- September 2021
After 18 years together and two children, Colorado Gov. Jared Polis and Marlon Reis made honest men of each other last week, marrying in a traditional Jewish ceremony.
Every wedding guest was required to test negative for COVID.
I wonder whether, instead of a glass, the grooms stepped on a test tube.
Over the summer, Las Vegas Raiders defensive lineman Carl Nassib became the first active NFL player to come out as gay.
So he was already making history as the first openly gay NFL player to appear in a regular-season game when he stepped on the field during "Monday Night Football." But in a Hollywood-esque turn of events, Nassib forced a fumble in overtime that led to his team's game-winning touchdown.
I think it must be said here and now that any athlete who comes out going forward won't be expected to be the hero of the next game. Announcing your orientation to the whole world is a scary affair. After you come out, you're a winner if you can simply remember which sport you play.
In the lead-up to today, the 20th anniversary of 9/11, I've heard frequent laments for the national unity we Americans felt and displayed in the days after the attacks. This isn't surprising, considering we're now a nation of fissures.
I remember that feeling. A complete wuss where needles are concerned, even I was prepared to give blood. As much as they needed. As long as they knocked me out first.
But I also remember that, for some, unity wasn't on the agenda.
Two days after the planes flew into the World Trade Center and the Pentagon, Jerry Falwell appeared on Pat Robertson's "700 Club" TV show, and offered this: "I really believe that the pagans, and the abortionists, and the feminists, and the gays and the lesbians who are actively trying to make that an alternative lifestyle, the ACLU, People For the American Way – all of them who have tried to secularize America – I point the finger in their face and say 'you helped this happen.'"
Robertson heartily agreed. During a period of monumental national sorrow, America's two most prominent conservative Christian leaders chose to demonize queer people and our fellow travelers.
After an outcry, Robertson blamed Falwell. The televangelists couldn't even manage unity in their disunity.
Looking back, I suspect the issue was partly timing. The nation was too raw. If they'd waited a month to blame gays and feminists and liberals, they might've been better received, not come across as heartless, vicious toadstools.
I guess they just got caught up in their enthusiasm for sharing God's love.
Clearly, there has been a lack of imagination about how much can go wrong.
Last week minor-leaguer Bryan Ruby became the only active professional baseball player to come out. In July Nashville Predators prospect Luke Prokop announced he's gay, making the 19-year-old the first NHL player, active or retired, to come out. In June Carl Nassib of the Las Vegas Raiders became the first active NFL player to come out.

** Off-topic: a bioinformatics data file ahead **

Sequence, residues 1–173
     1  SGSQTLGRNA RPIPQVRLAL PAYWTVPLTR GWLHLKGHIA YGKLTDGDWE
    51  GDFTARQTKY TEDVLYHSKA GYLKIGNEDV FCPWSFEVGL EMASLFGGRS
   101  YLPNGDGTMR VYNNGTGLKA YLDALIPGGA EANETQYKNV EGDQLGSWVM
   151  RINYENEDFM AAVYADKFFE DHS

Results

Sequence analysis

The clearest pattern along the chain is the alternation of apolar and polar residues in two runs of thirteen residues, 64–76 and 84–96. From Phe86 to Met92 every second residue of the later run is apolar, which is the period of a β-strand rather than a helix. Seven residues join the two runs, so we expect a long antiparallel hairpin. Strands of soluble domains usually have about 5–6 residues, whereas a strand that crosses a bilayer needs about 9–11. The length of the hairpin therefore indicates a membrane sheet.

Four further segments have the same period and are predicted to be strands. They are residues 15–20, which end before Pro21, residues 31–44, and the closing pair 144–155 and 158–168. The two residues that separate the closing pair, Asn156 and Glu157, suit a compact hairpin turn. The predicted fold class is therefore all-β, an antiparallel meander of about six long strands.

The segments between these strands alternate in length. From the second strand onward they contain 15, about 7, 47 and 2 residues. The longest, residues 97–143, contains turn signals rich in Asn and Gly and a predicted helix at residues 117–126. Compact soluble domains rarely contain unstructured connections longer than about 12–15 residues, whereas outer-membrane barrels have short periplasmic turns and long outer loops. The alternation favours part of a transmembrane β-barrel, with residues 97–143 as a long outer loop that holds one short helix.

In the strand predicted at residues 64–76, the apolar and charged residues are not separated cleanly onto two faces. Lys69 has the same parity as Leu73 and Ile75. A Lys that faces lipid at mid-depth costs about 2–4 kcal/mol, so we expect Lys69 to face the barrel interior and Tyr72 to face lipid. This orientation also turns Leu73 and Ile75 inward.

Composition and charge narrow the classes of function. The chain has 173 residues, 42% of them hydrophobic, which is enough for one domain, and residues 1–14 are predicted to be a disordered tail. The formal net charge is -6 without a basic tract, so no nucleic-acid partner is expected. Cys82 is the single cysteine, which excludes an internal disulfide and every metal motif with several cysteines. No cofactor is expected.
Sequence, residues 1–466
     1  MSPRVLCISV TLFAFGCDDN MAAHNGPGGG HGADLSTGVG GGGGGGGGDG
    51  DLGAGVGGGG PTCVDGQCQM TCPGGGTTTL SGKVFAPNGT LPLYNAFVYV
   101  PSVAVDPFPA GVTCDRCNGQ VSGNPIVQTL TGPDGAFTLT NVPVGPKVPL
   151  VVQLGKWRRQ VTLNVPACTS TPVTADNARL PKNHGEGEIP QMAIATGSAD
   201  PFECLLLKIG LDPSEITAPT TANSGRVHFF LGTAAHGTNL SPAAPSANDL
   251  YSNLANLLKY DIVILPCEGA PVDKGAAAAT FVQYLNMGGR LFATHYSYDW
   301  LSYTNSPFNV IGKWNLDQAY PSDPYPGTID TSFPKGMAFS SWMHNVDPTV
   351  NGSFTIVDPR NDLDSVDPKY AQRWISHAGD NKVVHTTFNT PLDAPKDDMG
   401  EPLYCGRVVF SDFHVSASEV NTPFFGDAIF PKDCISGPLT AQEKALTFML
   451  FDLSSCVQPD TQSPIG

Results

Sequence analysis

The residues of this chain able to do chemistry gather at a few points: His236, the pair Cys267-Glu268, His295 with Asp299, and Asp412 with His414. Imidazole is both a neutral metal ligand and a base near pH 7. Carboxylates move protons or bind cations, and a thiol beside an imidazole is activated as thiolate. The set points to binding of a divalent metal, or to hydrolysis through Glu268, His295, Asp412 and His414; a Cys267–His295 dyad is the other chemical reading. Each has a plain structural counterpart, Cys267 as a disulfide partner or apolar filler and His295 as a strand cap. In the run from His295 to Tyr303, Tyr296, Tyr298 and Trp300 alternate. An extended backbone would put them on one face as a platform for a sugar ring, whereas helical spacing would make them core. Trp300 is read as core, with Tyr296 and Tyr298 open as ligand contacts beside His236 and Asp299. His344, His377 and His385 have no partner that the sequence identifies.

What on earth are they putting in Gatorade these days?
- August 2021
Brody Neville was facing a bleak 12th birthday.
When the Canadian youngster came out as gay several months ago, his friends dumped him. So his mom did what modern parents do: She put out a call on Facebook.
Neville arrived at a Calgary park on Saturday, and saw what he assumed was an unusually large crowd waiting for the ice cream truck. But the dozens of people weren't there to celebrate overpriced ice on a stick. They were there to celebrate him.
Family, friends and strangers gave him presents. Drag queens performed. A fire engine stopped by—probably to the relief of the drag queen who'd performed a monstrous split.
"Thank you everybody for this," Neville told the crowd. "This is the best day of my life!"
I'm not crying, you're cry . . . oh the hell with it, I'm crying.
Josephine Baker, the St. Louis-born performer, spy and activist, will be reinterred on Nov. 30 in the Panthéon monument in Paris, the first Black woman to receive one of the highest honors France bestows on its citizens.
Baker moved to France in 1925, where her career as a singer and dancer exploded. During World War II, she joined the French resistance. She was the only female speaker at the 1963 March on Washington.
Baker was also famously bisexual. I assume she is not being honored for that . . . although we are talking about France here.
If there is a supreme being, he's crazy.
My Romanian sister-in-law speaks terrific English. As a banker, Julie has occasionally needed to use the phrase "in arrears." She just told me how she used to believe the phrase was pronounced "in the rear."
She thought that for quite a while, so I have to assume she never said those words to a gay man. His raucous laughter would've tipped her off the minute she warned, "If you don't pay this credit card bill, the bank will have you in the rear."
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